Age and Manhood in Everard Guilpin’s Skialetheia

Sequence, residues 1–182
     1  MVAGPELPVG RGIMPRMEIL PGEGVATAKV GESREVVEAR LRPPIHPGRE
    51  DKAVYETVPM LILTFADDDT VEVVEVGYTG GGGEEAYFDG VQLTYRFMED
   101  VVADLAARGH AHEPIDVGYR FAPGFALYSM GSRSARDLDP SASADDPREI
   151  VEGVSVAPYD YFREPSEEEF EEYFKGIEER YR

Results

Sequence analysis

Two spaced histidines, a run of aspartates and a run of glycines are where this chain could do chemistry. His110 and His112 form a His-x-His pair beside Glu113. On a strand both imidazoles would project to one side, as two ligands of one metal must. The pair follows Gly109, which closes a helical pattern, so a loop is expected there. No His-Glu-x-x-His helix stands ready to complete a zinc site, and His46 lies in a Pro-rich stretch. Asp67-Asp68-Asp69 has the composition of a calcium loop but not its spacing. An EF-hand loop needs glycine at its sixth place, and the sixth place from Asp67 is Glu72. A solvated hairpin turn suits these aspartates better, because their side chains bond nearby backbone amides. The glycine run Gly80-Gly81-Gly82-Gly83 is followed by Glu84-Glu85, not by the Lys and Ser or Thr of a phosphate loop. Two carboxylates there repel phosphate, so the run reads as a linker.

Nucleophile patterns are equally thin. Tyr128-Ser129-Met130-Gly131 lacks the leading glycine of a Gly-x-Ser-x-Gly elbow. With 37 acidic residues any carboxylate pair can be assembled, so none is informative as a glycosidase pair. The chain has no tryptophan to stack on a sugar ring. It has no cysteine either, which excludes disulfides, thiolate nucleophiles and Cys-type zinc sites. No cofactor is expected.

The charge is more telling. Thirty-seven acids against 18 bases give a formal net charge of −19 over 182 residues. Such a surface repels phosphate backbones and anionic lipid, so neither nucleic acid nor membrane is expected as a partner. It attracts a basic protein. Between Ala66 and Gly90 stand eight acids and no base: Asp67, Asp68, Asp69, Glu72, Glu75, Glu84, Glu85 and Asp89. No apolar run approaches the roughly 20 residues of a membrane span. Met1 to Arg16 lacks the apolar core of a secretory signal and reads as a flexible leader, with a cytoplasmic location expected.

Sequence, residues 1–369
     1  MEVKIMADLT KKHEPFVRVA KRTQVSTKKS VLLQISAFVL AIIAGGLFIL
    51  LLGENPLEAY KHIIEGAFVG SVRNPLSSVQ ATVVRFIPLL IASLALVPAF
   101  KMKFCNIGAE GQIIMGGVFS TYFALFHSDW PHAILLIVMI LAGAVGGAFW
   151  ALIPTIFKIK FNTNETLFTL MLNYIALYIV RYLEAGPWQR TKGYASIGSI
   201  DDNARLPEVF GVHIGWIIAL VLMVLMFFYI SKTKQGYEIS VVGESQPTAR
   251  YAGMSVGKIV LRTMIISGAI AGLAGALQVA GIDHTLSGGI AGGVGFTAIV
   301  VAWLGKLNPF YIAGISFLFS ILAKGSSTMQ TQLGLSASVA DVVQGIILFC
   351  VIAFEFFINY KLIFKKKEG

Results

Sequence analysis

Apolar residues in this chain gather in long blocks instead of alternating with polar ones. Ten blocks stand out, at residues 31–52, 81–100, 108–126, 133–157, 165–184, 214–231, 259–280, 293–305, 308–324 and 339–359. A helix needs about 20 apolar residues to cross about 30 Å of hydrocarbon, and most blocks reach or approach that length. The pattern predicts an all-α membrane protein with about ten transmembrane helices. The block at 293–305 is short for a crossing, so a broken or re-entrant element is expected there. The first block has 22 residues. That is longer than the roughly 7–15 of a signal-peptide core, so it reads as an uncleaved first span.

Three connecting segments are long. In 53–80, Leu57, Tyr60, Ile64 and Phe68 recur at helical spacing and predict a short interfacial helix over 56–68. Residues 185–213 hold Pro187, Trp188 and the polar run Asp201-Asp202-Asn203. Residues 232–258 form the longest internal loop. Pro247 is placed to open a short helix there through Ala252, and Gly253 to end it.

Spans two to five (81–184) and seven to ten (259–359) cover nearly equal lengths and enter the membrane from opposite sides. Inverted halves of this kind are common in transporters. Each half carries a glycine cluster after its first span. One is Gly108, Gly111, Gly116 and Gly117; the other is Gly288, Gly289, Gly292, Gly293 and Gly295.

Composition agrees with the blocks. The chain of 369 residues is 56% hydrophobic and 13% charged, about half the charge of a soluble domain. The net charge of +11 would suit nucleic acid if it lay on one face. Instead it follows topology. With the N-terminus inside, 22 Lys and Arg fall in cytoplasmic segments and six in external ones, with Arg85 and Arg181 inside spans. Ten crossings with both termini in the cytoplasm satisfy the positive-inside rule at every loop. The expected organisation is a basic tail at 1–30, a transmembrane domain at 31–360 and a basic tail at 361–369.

This chapter discusses the importance of age to the construction of Elizabethan manhood. As previously mentioned, verse satire in the period was mostly written by men in their early 20s, and satirical poets tended frequently to characterise themselves as young and rash. The central argument of the chapter is that Skialetheia is structured as a progression towards manhood and maturity—the earlier epigrams and satires depict an impulsive, aggressive youngster who is gradually replaced by a voice of wisdom with Stoical overtones. The epigrams, placed first in the volume, offer an index to various types of confrontational behaviour between men, usually involving sexual debasement, and the first three satires in various ways emphasise the satirist’s conflicts with his targets and interlocutors and emphatically identify him as young—as ‘a schoolboy still’. By contrast, the remaining three satires feature various devices of physical and emotional distancing, including increased reliance on sententious wisdom and proverbs, and introduce detached Stoical wisdom as an ideal in the face of vice. Age in Skialetheia is not just a stage embodied by the speaker—it is realised in terms of change and movement towards patriarchal masculinity.